Plaintiff’s evidence, taken as true and considered in the light most favorable to him, was sufficient to withstand the motion for nonsuit. If Horton approached the intersection at a speed in excess of 60 MPH — and we must assume that he did, Hutchens v. Southard, 254 N.C. 428, 119 S.E. 2d 205 — , he violated G.S. 20441(b) and (c) and was thus guilty of negligence per se. Redden v. Bynum, 256 N.C. 351, 123 S.E. 2d 734. Horton contends, however, that his speed was not a proximate cause of his collision with plaintiff; that his negligence was completely insulated by that of Jones when the latter entered No. 401 from a servient road directly in the path of Horton’s approaching automobile. This contention is unsound. Plaintiff’s evidence would permit the jury to find (1) that Horton’s excessive speed made it impossible for him to control his automobile and (2) that Horton’s failure to keep a proper lookout in the direction of his travel was the reason he did not see plaintiff’s Austin-Healey leave the pavement at the moment it did. Aldridge v. Hasty, 240 N.C. 353, 82 S.E. 2d 331; Riggs v. Motor Lines, 233 N.C. 160, 63 S.E. 2d 197. It was not inevitable that Horton, because of Jones’ negligence, should collide with plaintiff. Had Horton remained on the pavement, there would have been no collision. Under the evidence, it was for the jury to say whether Horton was traveling at an unlawful rate of speed without keeping a proper lookout and, if so, whether such negligence caused him to leave the pavement and collide with the Austin-Healey with such force that it was almost demolished. Conceding that Jones’ entrance into the highway confronted Horton with a sudden emergency, plaintiff’s evidence tends to show that Horton’s excessive speed contributed to the emergency. Therefore, upon a consideration of the motion for nonsuit, it is due plaintiff that Horton not be given the benefit of the rule that one confronted by a sudden emergency will not be held to the wisest choice of conduct but only to *554such choice as a person of ordinary care and prudence, similarly situated, would have made. Lawing v. Landis, 256 N.C. 677, 124 S.E. 2d 877.
Plaintiff’s evidence makes out a prima fade case that the negligence of both Horton and Jones concurred in proximately causing plaintiff’s injury and damage. Plaintiff could have sued either Horton or Jones separately; he elected to sue them jointly. “The mere fact that another is also negligent and the negligence of the two results in injury to the plaintiff does not relieve either.” Green v. Tile Co., 263 N.C. 503, 506, 139 S.E. 2d 538, 540. And, if the jury erred in its finding that negligence on the part of Jones was not a proximate cause of plaintiff’s injury and damage, on this record we are powerless to correct it, and it does not affect Horton’s liability to plaintiff. Horton’s motion for nonsuit was properly overruled. His demurrer ore terns, interposed in this court upon the ground that it affirmatively appears from the complaint that the negligence of Jones insulated that of Horton, is likewise overruled.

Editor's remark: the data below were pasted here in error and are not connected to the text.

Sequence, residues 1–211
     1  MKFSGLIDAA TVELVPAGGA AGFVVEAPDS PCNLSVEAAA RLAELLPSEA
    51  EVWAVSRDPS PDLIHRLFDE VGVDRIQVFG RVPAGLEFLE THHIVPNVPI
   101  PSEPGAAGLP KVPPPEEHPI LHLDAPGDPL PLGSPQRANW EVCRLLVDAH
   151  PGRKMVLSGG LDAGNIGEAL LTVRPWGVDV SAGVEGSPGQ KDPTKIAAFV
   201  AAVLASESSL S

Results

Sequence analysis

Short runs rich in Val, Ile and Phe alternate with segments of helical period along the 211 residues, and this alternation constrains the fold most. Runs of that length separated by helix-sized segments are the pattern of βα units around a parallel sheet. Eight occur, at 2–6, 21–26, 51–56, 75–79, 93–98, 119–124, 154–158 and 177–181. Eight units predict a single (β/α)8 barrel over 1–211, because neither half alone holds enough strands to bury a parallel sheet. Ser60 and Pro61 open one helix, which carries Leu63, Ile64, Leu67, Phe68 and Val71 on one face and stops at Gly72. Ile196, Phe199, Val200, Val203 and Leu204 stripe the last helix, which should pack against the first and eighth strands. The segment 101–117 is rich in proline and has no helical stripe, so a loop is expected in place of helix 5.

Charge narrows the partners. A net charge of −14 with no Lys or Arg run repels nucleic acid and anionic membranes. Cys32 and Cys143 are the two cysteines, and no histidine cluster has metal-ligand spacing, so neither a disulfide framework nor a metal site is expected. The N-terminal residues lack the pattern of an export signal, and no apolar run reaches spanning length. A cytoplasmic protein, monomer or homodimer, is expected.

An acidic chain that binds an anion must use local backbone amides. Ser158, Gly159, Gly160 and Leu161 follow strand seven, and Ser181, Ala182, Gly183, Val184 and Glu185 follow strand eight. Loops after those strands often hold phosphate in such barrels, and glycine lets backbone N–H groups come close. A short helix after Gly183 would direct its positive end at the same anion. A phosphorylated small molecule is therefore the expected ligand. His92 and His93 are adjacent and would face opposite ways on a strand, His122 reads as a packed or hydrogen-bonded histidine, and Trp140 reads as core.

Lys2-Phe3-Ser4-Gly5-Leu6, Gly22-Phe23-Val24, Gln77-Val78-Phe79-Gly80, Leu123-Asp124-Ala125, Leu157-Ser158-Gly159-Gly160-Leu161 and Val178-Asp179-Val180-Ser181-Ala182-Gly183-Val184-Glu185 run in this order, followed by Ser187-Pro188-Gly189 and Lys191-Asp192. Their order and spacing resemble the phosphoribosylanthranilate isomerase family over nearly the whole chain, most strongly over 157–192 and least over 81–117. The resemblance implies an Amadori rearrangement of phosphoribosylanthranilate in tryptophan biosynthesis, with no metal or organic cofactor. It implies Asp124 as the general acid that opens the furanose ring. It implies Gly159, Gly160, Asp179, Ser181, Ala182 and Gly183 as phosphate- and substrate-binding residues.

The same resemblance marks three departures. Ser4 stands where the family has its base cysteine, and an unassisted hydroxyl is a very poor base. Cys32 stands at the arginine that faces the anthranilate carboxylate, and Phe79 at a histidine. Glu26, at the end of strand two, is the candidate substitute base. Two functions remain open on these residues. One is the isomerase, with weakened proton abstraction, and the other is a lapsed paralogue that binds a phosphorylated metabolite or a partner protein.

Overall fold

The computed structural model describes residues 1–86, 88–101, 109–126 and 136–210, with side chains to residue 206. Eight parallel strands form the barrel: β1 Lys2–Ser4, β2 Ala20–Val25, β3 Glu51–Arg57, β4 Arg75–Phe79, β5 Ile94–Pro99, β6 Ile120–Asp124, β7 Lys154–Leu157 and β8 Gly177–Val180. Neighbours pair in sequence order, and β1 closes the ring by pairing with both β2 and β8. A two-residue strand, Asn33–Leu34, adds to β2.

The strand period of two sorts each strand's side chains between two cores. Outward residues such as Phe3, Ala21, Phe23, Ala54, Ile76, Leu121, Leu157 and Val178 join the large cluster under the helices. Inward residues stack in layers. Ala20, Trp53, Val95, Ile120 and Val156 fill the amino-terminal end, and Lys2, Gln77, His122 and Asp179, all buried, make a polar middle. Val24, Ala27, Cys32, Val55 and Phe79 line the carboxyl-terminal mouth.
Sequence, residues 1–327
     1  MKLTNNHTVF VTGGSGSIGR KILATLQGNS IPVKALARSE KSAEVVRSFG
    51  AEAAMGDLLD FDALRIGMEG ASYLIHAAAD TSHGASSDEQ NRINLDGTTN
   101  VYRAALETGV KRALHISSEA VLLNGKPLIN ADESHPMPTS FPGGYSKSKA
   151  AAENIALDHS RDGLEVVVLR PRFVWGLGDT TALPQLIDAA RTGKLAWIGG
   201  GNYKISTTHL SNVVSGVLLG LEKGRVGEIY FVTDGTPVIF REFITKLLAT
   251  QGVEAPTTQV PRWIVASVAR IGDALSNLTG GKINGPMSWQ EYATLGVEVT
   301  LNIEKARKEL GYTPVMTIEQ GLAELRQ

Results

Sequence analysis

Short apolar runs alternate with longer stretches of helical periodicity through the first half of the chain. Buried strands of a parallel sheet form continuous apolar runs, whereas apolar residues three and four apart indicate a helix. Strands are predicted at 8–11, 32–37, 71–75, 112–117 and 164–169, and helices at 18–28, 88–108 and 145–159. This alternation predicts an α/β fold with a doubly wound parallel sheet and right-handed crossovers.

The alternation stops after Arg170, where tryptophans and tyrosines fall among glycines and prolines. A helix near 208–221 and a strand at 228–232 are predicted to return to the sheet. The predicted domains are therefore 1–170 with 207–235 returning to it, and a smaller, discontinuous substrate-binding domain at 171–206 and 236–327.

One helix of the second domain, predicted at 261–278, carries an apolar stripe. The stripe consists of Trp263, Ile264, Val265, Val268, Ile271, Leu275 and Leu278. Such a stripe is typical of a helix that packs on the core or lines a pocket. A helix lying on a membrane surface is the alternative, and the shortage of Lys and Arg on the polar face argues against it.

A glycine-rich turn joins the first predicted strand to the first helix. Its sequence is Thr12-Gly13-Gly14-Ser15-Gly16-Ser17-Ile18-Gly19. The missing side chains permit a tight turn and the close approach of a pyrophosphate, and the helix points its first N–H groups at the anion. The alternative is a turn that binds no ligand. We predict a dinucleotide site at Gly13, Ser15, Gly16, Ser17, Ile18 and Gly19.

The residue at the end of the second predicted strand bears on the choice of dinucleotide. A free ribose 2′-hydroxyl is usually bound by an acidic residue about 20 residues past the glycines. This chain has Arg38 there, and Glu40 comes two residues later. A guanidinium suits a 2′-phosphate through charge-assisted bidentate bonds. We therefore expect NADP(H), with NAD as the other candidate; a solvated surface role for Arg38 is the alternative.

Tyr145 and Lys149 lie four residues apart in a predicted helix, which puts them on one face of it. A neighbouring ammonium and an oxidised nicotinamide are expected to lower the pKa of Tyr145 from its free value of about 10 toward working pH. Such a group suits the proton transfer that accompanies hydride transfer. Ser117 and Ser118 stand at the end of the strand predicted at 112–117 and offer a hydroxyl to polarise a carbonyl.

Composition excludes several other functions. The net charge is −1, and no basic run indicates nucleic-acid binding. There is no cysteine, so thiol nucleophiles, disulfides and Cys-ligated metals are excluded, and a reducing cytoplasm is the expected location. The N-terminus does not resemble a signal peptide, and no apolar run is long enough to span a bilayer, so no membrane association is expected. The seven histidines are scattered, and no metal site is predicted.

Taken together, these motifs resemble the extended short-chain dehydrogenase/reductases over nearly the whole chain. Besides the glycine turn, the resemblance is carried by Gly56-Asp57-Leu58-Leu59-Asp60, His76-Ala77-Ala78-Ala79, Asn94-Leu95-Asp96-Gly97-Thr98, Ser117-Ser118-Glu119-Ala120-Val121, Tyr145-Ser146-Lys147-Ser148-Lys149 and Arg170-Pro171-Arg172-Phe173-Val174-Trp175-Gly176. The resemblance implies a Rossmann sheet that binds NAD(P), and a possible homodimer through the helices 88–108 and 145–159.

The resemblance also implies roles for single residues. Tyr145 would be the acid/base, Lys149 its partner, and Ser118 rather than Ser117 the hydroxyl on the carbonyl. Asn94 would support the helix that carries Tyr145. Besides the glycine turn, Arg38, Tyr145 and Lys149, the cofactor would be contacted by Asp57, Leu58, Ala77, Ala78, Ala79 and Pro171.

Horton’s second assignment of error raises the question of the admissibility of plaintiff’s estimate of Horton’s speed as he approached the intersection. It is the rule in this state that any person of ordinary intelligence who has had a reasonable opportunity to observe is competent to testify as to the rate of speed of an automobile. Darroch v. Johnson, 250 N.C. 307, 108 S.E. 2d 589; Lookabill v. Regan, 247 N.C. 199, 100 S.E. 2d 521; Hicks v. Love, 201 N.C. 773, 161 S.E. 394. In Darroch v. Johnson, supra, plaintiff’s estimate of the speed of defendant’s automobile as it approached him from the opposite direction, the estimate based upon an observation of 75-100 yards, was held admissible. Here plaintiff testified that he observed defendant’s approach for a distance of 400-500 feet, or at least 130 yards, and that the speed of the Ford was so great that it was “swaying back and forth.” Under the circumstances, even though it was nighttime, we cannot say as a matter of law that plaintiff did not have a reasonable opportunity to form an intelligent opinion as to the speed of Horton’s vehicle. At night a witness may judge the speed of an automobile by the movement of its lights if his observation is for such a distance as to enable him to form an intelligent opinion. State v. Harrington, 260 N.C. 663, 133 S.E. 2d 452. Plaintiff’s opinion testimony that the Horton vehicle was traveling “in excess of 60 MPH, between 75-80 MPH” was competent. Its weight and credibility were for the jury. Ray v. Membership Corp., 252 N.C. 380, 113 S.E. 2d 806.
Defendant Horton’s remaining assignments of error relate to the judge’s charge, which we have examined carefully. In its entirety it fairly presented the case to the jury and contains no error prejudicial to Horton. His Honor made it quite clear that, whether Jones entered *555No. 401 at the right-angle intersection or from the cutoff, it was his duty to yield the right of way to Horton if he was approaching at such a speed or from such a distance that it was not safe for him to enter No. 401 until Horton had passed. The jury evidently took the view that Horton’s negligence was the sole proximate cause of the collision in question. The issues of fact raised by the pleadings and the evidence were for the jury. Our jurisdiction is limited to matters of law and legal inference. N. C. Const., Art. IV, sec. 8.
This appeal “will make no tremor on the face of the law if it fails,” Harman, L. J., in W. v. W.,  P. 113, 135, as we hold that it does.